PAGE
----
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Years ago, I wrote about the day my son first hinted at becoming a nurse. In "My Son, the Nurse?" (Nursing2000, February*), I debated some of the pros and cons of making that decision.
This month, Stephen is graduating from college with his BSN. He's a critical thinker and a very caring patient advocate, so he should be a great nurse. But like any mom, I worry about what awaits him in the workplace.
A question someone recently asked me sums up one of my chief concerns. It was at the Emergency Nurses Association's leadership conference, where I'd just given a presentation on nursing's image and provided examples of negative portrayals of nursing in the media. A member of the audience asked, "How do you respond to nurses who are negative, who complain about everything, and who say 'I'd never recommend nursing to anyone'?"
It's a tough question. I've worked in clinical environments where negativity prevailed and found it draining. I don't want that for my son or any other new nursing grad full of optimism about his career. And I don't want it for you.
In a note I wrote Stephen welcoming him into the profession, I also cautioned him about negative influences. My advice: Don't spend your time with negative people; they'll drag you down. Naysayers can infect the whole group, and once the vicious cycle starts, it's hard to stop.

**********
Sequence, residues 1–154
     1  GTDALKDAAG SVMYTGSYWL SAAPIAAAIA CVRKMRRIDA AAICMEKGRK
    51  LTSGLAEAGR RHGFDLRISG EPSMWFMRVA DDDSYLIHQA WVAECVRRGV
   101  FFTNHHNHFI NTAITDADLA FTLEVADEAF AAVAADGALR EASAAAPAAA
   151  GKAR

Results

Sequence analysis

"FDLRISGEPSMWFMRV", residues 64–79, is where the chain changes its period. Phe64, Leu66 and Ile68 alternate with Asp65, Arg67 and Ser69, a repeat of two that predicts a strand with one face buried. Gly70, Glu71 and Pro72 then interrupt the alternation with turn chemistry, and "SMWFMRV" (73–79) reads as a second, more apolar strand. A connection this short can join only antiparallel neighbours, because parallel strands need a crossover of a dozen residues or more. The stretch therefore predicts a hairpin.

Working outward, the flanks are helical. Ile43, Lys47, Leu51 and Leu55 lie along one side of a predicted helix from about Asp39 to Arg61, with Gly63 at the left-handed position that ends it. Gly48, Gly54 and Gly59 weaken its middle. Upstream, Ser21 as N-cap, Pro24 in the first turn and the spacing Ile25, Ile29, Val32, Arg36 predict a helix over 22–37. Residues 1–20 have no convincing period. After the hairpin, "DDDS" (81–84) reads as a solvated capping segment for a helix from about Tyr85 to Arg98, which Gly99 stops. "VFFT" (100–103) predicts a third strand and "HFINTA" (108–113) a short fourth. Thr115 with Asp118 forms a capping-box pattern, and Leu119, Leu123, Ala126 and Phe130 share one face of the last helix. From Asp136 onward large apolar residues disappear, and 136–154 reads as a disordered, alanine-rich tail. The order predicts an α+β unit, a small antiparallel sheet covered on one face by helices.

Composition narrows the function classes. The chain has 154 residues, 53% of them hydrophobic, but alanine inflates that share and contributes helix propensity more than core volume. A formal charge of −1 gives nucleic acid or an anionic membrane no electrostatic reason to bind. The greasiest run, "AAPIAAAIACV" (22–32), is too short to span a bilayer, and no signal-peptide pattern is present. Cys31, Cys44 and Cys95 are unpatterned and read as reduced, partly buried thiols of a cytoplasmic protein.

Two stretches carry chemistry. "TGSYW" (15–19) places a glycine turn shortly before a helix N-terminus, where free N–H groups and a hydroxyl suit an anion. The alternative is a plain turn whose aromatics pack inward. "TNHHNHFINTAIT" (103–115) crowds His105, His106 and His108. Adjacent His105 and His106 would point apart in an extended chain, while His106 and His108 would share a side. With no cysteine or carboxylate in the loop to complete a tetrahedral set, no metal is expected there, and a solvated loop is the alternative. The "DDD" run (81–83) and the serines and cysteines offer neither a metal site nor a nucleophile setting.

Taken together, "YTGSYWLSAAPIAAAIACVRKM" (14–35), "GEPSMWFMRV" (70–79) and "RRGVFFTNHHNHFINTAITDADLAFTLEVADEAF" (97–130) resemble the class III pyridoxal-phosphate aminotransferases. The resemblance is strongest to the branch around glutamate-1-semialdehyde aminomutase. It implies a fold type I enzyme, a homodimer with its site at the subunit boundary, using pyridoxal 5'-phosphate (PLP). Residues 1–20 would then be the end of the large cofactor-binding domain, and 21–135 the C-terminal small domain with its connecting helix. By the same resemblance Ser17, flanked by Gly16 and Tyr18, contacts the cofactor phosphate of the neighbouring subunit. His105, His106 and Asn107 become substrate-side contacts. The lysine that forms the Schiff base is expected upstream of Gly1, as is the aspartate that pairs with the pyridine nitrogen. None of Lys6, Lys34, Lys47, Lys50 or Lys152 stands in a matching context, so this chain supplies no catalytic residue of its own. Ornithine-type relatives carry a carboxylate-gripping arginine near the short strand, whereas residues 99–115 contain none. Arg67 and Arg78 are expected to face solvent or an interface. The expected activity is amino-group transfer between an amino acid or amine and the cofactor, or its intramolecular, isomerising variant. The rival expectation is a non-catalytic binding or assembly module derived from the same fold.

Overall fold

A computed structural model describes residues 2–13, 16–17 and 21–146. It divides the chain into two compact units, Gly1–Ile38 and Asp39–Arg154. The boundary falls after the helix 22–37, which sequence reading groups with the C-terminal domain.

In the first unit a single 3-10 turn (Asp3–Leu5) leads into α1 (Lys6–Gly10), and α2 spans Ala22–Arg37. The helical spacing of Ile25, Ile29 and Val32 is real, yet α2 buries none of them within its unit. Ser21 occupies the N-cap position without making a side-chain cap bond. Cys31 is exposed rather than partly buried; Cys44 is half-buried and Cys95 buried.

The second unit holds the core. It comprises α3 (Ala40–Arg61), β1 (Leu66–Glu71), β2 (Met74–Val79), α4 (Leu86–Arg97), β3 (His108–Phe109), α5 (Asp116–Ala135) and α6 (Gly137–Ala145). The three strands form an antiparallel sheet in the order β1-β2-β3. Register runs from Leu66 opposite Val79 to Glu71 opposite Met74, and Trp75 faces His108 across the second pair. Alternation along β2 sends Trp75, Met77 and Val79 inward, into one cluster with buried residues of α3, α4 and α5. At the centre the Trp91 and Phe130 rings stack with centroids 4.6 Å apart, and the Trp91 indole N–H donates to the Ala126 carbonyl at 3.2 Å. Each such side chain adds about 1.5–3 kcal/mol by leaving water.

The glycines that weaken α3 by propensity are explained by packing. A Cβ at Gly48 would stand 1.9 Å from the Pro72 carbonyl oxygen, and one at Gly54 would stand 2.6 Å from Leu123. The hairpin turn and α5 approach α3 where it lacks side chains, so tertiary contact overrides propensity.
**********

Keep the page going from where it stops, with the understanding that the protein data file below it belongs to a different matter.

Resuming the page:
That's not to say that they don't have some legitimate grievances. Listen to the complainers, take the information they offer, and if change is warranted, lead the charge. Just do it positively, with optimism.
The qualities Martin Luther King, Jr., considered vital to civil rights leaders 50 years ago are just as important to nurses today:
We must develop intelligent, courageous, and dedicated leadership[horizontal ellipsis]. In this period of transition and growing social change, there is a dire need for leaders who are calm and yet positive[horizontal ellipsis]. The urgency of the hours calls for leaders of wise judgment and sound integrity.
Confident that bright leaders and energized novices will steer nursing in the right direction, I wish each of you a very happy Nurses Week. And to all our new graduates, I wish you continued optimism about your career and the companionship of colleagues who love their work as much as you do.
Cheryl L. Mee, RN, BC, CMSRN, MSN
Washington JM (ed). Martin Luther King, Jr. I Have a Dream: Writings & Speeches That Changed the World, special 75th anniversary edition. San Francisco, Calif., Harper Collins, 1992.
*Individual subscribers can access this article free online at http://www.nursing2007.com. [Context Link]
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